Below the Headlines: The 2020 Economy

Our guest blogger today, Andy Paparozzi, is Chief Economist for SGIA, and presenter for the December 17, 2019 Mailers Hub webinar, the 2020 Economic Outlook. 

The American economy has now grown 125 consecutive months, making the current upturn the longest on record. And headline numbers, such as 615,000 jobs added and retail sales up 4.0% over the last three months, suggest more growth is ahead.

But what’s happening below the headlines? We need to know because recessions often creep in while the headlines are still positive. For example, during the three months prior to the Great Recession of 2007-09, the economy created 280,000 jobs and retail sales increased 4.6%. Less than one year later, everything had changed.

Two trends are of particular concern. The first is ongoing trade disputes, or international economic brinksmanship. One day the language is conciliatory and the next day it is confrontational. Two years in and we still don’t know where it’s all going. We do know that the uncertainty — Is one of my products or essential inputs next up for a tariff hike? — has dampened capital investment, which is the foundation of sustained, non-inflationary economic growth.

The second is severe shortages of skilled personnel. Strong labor markets support the compensation gains essential to healthy consumer spending. (Consumer spending accounts for nearly 70% of GDP.) But when labor shortages become so severe that employers are forced to hire practically anyone and labor turnover spikes because practically anyone can make a few more bucks somewhere else, productivity takes a hit — and eventually so do profitability, hiring, compensation and consumer spending.

Concerning recessions, we are never due for one — i.e., economic expansions do not die of old age. Rather, recessions are caused by specific factors, such as the excesses in financial markets and real estate markets.


 Click here to register for the webinar on Dec 17, 1 pm - 2 pm ET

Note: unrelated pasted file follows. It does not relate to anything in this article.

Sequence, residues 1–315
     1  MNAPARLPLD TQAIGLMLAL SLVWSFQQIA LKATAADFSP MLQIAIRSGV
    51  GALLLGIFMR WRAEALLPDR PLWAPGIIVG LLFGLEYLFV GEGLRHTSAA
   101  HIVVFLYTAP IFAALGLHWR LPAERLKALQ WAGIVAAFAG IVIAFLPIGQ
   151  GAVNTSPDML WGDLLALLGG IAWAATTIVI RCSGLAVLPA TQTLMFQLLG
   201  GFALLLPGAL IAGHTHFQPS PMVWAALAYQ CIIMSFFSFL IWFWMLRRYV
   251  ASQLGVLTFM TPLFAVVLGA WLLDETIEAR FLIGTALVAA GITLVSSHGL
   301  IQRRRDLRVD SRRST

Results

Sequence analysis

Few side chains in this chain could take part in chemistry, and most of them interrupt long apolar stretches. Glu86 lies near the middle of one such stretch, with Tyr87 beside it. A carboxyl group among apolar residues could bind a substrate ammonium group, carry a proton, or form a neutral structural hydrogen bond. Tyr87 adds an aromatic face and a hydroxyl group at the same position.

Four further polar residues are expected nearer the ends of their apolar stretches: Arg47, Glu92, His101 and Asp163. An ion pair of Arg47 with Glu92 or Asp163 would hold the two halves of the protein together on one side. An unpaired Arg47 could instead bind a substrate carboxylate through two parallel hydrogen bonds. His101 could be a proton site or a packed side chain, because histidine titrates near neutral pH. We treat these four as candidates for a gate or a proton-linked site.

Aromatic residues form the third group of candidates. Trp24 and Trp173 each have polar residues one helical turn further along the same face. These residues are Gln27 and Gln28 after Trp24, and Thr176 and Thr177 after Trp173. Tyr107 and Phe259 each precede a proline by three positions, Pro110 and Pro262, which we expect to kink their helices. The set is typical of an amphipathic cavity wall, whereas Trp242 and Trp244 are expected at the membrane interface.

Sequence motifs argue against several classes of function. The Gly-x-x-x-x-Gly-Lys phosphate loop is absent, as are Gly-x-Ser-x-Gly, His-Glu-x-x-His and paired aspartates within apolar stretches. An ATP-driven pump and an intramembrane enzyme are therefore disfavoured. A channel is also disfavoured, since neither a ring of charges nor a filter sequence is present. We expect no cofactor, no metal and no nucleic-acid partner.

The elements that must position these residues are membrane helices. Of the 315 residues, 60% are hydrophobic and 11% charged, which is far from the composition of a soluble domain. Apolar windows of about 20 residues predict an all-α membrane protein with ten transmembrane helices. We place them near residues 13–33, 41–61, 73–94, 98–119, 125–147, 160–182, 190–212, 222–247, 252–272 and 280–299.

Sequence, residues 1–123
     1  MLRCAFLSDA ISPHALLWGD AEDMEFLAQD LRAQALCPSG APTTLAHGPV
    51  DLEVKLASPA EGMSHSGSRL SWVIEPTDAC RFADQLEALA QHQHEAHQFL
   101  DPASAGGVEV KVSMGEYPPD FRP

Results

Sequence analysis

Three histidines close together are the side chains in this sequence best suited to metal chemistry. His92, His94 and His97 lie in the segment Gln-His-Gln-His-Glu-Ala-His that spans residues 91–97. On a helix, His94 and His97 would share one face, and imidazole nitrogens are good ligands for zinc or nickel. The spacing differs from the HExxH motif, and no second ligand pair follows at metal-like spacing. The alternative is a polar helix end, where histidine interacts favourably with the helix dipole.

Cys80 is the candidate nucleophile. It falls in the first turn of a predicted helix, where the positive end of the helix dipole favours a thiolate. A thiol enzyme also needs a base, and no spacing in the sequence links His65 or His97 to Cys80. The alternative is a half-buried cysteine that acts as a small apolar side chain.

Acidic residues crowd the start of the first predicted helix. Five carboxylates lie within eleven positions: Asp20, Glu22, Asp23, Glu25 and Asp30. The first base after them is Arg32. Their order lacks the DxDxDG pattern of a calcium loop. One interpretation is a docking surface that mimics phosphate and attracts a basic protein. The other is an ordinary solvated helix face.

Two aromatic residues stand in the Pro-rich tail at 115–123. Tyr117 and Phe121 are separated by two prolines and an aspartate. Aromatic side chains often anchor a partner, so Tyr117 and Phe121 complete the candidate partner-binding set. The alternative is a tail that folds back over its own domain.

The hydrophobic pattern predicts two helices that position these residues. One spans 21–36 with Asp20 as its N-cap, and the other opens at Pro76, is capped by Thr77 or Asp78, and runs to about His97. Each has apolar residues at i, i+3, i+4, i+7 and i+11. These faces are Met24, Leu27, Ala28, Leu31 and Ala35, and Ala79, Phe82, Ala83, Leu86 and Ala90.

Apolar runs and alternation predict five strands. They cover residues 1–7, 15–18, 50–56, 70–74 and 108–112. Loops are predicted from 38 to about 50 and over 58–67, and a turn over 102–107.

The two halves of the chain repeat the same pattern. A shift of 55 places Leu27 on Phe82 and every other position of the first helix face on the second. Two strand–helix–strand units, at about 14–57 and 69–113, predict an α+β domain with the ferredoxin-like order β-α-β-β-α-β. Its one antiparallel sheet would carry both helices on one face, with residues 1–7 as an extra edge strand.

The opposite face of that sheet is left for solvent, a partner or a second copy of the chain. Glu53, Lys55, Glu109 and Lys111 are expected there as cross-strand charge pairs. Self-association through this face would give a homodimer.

And they are not black swans. Even with the Great Recession, which was unlike any recession in decades, the warning signs were there: the mispricing of risk, the complex interdependencies created as that risk spread across the global financial system, the lack of an effective fail/safe system to contain the risk, etc. Richard Bookstaber laid them out in A Demon Of Our Own Design—Markets, Hedge Funds, and the Perils of Financial Innovation well before they drove the economy into the ground. Others also tried to warn us. But we dismissed them as fearmongers because the headline numbers were strong.

In Economic Outlook 2020, a Mailers Hub webinar, December 17, 1:00 – 2:00 pm ET, we will look below the headlines. Are we seeing the kinds of excesses that could push the economy into recession next year? How much drag are international economic brinksmanship and severe labor shortages likely to exert on growth? Are the economy’s fundamentals strong enough to extend the record expansion through 2020? Are they strong enough to speed the economy up? We have a lot to discuss. I hope you will join us.


Andy Paparozzi joined SGIA in July 2018. With over 30-years in the industry, Andy developed the NAPL's State of the Industry Series, Capital Investment Report, and numerous other studies on the commercial printing industry’s performance and prospects. He has also taught mathematics, statistics, and economics at various colleges.

 

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